As a result of recent market volatility, UK homeowners who took out endowment policies in the 1980s and 1990s in order to pay off their mortgages have seen their returns fall again this year, with some of the UK's leading insurance companies declaring reduced annual bonuses.
Scottish Widows, Friends Provident and Norwich Union have all declared reduced annual bonuses for With Profit Endowment policyholders leaving homeowners with increased deficits on their mortgage liabilities.
Annual bonus declarations are determined by a number of factors including past investment performance, previous bonus announcements and a company’s financial strength.
For example, a man, who, at aged 30, took out a 25 year Scottish Widows endowment policy paying £50 per month, could expect to see his payout reduced by £442 from £38,578 in 2007 to £38,136 in 2008, while a Friends Provident policy, on the same terms, would have seen a 2007 payout of £37,540 reduced by £1,025 to £36,425 in 2008.
A Norwich Union endowment policy on the same terms would have paid out £39,357 in 2008 compared to £42,133 in 2007 – a difference of £2,776, and for Scottish Life policyholders, the difference is 8.5 per cent; with a payout this year of £34,196 compared to £37,132 in 2007, which is a reduction of £2,963.
But it is not all doom and gloom; Standard Life has actually increased payouts on With Profit Mortgage Endowments paying £37,763 this year compared to £36,950 in 2007 on a policy on the same terms. Prudential and Legal and General have also bucked the trend by announcing increases over 2007.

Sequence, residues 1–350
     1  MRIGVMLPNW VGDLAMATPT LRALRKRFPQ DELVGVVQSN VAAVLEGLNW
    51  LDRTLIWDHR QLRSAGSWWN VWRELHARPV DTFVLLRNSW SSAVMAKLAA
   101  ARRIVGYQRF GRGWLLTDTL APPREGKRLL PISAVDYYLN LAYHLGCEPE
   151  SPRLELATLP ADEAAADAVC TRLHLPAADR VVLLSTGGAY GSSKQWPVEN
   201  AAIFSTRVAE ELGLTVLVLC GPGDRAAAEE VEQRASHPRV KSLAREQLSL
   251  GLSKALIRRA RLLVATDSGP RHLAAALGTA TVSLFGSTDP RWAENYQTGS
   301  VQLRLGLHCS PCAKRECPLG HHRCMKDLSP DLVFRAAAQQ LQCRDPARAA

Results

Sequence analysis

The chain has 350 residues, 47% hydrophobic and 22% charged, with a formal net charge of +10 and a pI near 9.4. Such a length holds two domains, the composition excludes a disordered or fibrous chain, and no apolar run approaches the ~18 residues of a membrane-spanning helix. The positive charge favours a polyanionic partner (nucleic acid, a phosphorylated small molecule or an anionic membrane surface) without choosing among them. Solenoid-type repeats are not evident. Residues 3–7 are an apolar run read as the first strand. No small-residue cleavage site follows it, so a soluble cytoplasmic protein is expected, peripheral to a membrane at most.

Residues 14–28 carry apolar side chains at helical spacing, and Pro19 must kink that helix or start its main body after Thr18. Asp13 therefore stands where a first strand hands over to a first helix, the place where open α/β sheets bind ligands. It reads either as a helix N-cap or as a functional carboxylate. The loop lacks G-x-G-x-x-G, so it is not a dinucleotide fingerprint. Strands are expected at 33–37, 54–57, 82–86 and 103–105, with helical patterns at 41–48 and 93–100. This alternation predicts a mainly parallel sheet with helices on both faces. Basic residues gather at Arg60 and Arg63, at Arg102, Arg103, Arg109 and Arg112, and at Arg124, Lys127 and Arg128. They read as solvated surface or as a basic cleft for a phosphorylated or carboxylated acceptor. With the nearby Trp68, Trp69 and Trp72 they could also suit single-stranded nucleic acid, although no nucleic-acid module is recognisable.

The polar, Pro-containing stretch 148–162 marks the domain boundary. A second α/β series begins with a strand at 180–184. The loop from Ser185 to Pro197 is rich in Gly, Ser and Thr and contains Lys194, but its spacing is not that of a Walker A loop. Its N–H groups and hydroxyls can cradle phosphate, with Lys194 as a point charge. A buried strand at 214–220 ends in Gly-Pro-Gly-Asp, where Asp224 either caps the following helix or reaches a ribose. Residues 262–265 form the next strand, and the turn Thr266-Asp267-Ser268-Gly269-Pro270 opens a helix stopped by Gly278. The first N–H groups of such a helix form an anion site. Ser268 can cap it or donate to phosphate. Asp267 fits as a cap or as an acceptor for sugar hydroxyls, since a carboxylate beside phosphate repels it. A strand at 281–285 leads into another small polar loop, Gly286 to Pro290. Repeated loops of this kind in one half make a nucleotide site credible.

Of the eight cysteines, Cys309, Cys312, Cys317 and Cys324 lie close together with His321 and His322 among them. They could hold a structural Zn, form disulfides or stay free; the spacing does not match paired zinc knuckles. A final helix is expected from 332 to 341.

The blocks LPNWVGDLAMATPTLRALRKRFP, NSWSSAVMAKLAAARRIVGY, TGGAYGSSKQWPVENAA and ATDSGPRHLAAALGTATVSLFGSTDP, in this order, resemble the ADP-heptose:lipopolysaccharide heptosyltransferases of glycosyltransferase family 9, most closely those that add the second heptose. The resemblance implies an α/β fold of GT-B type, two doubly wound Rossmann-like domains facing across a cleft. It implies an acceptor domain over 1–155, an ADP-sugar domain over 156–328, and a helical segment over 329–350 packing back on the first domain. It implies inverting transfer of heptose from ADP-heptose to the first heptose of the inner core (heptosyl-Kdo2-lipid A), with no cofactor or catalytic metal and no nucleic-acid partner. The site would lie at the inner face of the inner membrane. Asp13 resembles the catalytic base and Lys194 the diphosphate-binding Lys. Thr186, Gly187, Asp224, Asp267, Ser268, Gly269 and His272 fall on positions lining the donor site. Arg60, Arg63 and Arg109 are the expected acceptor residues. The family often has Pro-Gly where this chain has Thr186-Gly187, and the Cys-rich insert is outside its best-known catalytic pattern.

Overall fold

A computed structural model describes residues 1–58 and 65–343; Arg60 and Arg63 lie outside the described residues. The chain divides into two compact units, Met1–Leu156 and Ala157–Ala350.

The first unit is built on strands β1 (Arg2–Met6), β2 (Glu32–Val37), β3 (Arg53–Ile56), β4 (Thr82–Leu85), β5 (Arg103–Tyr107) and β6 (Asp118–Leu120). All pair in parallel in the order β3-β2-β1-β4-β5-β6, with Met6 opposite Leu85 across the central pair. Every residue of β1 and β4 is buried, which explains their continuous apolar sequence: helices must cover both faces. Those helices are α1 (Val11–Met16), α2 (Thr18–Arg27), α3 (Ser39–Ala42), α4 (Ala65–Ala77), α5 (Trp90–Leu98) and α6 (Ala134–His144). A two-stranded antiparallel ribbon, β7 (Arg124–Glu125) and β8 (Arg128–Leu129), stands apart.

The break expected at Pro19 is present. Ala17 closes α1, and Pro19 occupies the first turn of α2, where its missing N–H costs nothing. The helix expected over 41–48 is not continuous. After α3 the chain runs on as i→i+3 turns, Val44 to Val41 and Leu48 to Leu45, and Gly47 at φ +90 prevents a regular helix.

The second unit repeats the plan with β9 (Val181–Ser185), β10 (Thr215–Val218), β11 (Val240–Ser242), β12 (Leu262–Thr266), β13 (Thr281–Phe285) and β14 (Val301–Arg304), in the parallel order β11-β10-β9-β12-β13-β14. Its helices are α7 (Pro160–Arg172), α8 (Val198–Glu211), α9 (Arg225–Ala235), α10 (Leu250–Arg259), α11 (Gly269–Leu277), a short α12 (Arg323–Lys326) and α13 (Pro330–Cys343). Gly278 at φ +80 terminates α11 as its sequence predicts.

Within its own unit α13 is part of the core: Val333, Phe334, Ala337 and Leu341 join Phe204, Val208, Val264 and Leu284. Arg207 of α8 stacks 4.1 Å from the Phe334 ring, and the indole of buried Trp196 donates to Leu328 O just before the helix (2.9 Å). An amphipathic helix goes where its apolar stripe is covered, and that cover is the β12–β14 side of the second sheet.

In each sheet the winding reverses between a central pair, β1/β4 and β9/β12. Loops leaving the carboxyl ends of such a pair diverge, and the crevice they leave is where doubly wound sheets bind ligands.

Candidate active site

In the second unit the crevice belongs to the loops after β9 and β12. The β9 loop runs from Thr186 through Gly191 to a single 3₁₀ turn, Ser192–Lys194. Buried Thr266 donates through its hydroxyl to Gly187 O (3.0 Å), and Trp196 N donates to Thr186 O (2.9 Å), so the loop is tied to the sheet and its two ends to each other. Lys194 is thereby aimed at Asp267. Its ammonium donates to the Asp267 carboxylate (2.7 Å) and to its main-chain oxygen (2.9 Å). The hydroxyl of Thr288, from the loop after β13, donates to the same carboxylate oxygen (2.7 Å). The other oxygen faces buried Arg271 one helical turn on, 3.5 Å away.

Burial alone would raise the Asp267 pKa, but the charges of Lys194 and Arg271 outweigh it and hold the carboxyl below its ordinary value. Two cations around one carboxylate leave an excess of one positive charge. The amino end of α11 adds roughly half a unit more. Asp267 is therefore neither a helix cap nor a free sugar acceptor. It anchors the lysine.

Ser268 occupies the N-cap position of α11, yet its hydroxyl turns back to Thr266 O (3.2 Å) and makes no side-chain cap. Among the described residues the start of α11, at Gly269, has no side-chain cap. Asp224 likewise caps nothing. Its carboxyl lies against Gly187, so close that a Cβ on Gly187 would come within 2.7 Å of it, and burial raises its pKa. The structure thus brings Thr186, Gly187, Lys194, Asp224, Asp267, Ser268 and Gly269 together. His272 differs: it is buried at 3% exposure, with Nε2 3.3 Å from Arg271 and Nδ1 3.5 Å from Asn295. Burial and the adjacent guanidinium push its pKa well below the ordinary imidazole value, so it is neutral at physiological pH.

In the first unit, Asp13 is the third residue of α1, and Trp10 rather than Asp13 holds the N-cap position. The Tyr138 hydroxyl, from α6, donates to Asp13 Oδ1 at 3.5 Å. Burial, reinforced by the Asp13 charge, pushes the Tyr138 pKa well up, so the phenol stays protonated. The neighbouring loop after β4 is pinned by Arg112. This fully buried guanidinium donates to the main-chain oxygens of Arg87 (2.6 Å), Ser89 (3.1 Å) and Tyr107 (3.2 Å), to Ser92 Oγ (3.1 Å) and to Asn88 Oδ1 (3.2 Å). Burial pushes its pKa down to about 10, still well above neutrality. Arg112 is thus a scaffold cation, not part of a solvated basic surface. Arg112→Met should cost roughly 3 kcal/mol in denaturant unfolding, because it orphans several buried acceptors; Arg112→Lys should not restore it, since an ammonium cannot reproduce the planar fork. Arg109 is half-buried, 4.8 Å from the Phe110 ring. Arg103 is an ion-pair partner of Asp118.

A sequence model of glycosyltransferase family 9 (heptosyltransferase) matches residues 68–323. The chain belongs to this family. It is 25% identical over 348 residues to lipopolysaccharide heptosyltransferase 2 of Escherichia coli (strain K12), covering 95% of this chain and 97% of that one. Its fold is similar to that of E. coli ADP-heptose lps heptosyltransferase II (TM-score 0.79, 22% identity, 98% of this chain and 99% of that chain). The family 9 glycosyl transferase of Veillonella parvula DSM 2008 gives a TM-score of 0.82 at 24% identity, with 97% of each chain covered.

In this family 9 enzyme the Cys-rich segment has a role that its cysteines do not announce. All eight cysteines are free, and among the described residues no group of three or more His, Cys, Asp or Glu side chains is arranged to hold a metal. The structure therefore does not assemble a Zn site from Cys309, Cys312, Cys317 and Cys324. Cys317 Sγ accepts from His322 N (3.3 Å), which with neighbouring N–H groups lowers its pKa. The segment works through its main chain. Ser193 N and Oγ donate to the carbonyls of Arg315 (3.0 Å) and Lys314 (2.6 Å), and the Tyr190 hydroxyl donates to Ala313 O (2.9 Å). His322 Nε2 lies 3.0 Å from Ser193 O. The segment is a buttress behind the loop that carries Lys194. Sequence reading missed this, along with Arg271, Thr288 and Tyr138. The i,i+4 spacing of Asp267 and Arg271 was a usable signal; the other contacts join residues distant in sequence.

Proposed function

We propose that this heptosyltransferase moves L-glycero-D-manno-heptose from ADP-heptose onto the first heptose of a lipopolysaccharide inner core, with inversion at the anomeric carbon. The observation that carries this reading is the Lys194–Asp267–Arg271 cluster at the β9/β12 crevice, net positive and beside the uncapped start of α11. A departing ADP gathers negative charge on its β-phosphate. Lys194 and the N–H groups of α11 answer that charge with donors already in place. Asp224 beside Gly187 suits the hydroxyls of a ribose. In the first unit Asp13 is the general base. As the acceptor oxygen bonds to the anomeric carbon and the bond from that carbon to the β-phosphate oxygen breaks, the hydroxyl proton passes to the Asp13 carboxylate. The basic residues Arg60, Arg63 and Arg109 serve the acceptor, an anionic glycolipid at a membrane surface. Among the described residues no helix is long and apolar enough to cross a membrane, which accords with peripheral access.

"With increased volatility in world stock markets this year the prospects for improved bonus returns for 2008 don’t look promising," said James Caldwell Director of Fairinvestment.co.uk.
"With Profit Endowment policies are designed to provide a level of insulation against turbulent investment markets however it is the stronger UK insurance companies who are better positioned to smooth investment returns over the long term.
"Policyholders whose endowments continue to under-perform should have received a warning letter from their insurance company outlining the potential shortfall. It is important to address any potential shortfall in your endowment
before it is too late."
Mr Caldwell sees three main courses of action – surrender, sale or complaint.
"If you are unhappy with the way the policy was sold to you, you can make an endowment complaint
to the provider – more information on making an endowment complaint can be obtained from the Financial Services Authority.
Surrendering the policy is also an option, says Mr Caldwell, but with a relatively strong secondhand endowment market, selling is certainly an option for people looking to get rid of their policies.
"However," warns Mr Caldwell, "if you are uncertain of what to do, you should seek independent advice. For many existing endowment policyholders selling endowment
has been a preferred way of getting back cash rather than surrendering the policy back to the insurance company.
"Often, the surrender value offered by the company is a relatively poor deal, but there are investors who are prepared to buy endowments because of their non income producing nature and partially guaranteed return.
"Selling your endowment through an endowment trader can get you up to 35% more depending on the policy you have," said Mr Caldwell, "so if you are looking to get rid of your policy it is worth looking into getting a quote before simply settling for the surrender value."
© Fair Investment